4 Steps to a Successful Product Launch
Having a product idea out of the blue is an incredible feeling. One second you’re uninspired and the next your heart is racing with all the possibilities that your lightbulb moment could bring. But this is just the first step on a long road to getting your product to market and making it a success. Although a product launch is often one of the most exciting times for any business, it’s also fraught with risks. History is littered with examples of failed product launches, with everything from not anticipating a lack of demand to a poor marketing strategy holding these businesses back. And while no product launch is guaranteed to be successful, there are a few things you can do to boost your chances of making it a hit.
1. Conduct market research
One of the biggest reasons new products fail is a lack of demand. Even if you think your idea is the greatest thing since sliced bread, it’s important to ascertain whether people are actually likely to buy it, which necessitates market research. By identifying who exactly your target audience is and their goals, motivations and pain points, you can work out whether your product will be useful to them or not.
As part of this process, it’s recommended that you write a positioning statement, which provides “an expression of how a given product, service or brand fills a particular consumer need in a way that its competitors don’t.” By exploring exactly why your product is different from others, and why there is demand for it, you’ll be able to gauge how likely your launch will succeed. If you find that this is probable, then you have nothing to worry about. However, if you don’t, this will at least prevent you from going further with something that could be destined to fail, and gives you the opportunity to modify your product and put this version to the people instead.
2. Plan your marketing strategy
Many consider the marketing of a product to be more important than the product itself. As stated by Jaiden Vu, Founder and CEO of Vantura Cosmetics: “It’s not the best product that wins but the best-known one that wins.” After all, you could have an absolutely game-changing invention, but nobody is going to buy it if they don’t know about it. You need to think long and hard about your approach, as well as being careful not to make any critical marketing errors.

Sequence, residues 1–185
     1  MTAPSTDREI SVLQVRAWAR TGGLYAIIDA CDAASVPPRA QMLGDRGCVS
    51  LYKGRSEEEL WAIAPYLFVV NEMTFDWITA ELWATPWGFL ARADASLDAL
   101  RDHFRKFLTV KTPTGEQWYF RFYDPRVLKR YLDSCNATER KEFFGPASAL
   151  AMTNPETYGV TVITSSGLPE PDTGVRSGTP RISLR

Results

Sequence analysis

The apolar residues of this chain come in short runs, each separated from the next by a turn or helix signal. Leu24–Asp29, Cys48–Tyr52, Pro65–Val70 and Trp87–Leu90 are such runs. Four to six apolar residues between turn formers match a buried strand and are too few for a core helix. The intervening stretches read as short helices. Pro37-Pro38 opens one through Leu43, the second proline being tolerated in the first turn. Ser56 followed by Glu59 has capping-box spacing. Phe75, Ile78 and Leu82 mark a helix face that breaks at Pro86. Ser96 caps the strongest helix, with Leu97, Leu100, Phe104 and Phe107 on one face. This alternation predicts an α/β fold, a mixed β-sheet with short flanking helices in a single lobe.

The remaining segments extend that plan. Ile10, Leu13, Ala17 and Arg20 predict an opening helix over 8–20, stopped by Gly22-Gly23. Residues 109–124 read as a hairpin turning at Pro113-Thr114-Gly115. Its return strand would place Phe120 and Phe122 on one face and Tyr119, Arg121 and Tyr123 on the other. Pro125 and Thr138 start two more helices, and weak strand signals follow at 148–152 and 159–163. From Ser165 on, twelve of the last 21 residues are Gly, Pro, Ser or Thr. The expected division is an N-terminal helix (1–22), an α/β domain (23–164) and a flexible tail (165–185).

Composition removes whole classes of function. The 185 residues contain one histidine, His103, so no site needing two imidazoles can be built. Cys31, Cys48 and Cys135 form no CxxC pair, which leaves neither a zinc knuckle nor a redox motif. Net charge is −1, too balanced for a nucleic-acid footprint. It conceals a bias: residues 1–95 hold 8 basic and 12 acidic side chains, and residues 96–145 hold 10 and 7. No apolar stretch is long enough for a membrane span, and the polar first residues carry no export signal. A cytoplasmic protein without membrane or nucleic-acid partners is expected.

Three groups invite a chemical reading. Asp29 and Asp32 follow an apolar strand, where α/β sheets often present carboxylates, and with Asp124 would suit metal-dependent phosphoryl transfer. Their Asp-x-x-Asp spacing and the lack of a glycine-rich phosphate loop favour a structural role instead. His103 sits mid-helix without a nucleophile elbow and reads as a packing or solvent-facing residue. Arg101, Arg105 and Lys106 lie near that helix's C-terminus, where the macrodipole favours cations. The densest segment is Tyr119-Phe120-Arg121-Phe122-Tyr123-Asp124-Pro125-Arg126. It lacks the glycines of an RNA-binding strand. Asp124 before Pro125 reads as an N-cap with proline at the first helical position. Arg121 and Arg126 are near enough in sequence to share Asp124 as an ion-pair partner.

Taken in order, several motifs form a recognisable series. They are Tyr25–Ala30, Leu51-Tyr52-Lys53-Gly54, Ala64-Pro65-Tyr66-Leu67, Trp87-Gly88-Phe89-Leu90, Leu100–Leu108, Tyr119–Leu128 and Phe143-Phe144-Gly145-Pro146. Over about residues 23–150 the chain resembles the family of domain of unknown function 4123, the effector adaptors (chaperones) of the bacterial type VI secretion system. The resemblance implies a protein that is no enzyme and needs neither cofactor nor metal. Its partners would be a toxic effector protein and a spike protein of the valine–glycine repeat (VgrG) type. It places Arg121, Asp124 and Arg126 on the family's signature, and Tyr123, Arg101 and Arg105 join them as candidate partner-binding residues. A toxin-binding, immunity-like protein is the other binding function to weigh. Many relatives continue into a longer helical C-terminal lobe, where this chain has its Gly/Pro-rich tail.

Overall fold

Some of the main considerations for your marketing campaign should include defining your goals, setting a budget, and choosing which communication channels to use, with your market research informing this latter decision. For example, should only a small percentage of your target audience listen to the radio, then taking to the airwaves probably isn’t the best idea. You then need to think about how exactly you’ll target people using your chosen mediums. If you’ve decided on social media promotion, you have a range of advertising options, including photo, carousel and video ads, each having their pros and cons. In comparison to written content, photo ads “take less time [to pass on information] and give visual pleasure to the viewer,” while, as noted by video production agency Frantic, explainer videos offer an effective way to “demonstrate the basic functions and nuances of your business’s product.”
3. Test your product
Another big reason why product launches fail is because the products themselves don’t work as intended. Take the ill-fated Google Glass — the search giant’s seemingly pioneering smart glasses — which was beset with issues like privacy concerns, bugs, low battery life, and bans from public spaces. All of this contributed to the product being discontinued after just two years, and with hindsight, it’s clear that more stringent testing may have saved the product from its ultimate fate.
Delivering a subpar product like Google did will seriously harm your chances of success, so it’s critical to assess your offering prior to launch, so you can iron out any issues that arise, and prevent this from happening. Beta testing is particularly key, as this allows your end product to be validated by your end users — since they’re the ones who will ultimately be using it, their opinion is of supreme importance.
4. Prepare to fulfil orders
After testing the product and marketing it, it’s almost time for launch. But before you finally release your creation to the public, you need to make sure you can fulfil demand. Running out of stock or failing to deliver the product can be a huge issue, particularly when you’ve hyped up its release. You just have to look at the example of the Coolest Cooler to see how this can bite a business.
Despite promising a product for each and every one of the 60,000 people who helped to crowdfund it on Kickstarter, Coolest Cooler ultimately failed to deliver to around a third of these individuals. Largely as a result of changes in the complexity of the shipping and logistics processes, Coolest Cooler eventually folded in 2019, leaving the remaining backers empty-handed. This sorry story shows the importance of having the infrastructure in place to fulfil orders. Some of the main aspects to consider include having a clear logistics strategy, carefully choosing your distributors and meticulously monitoring your distribution network.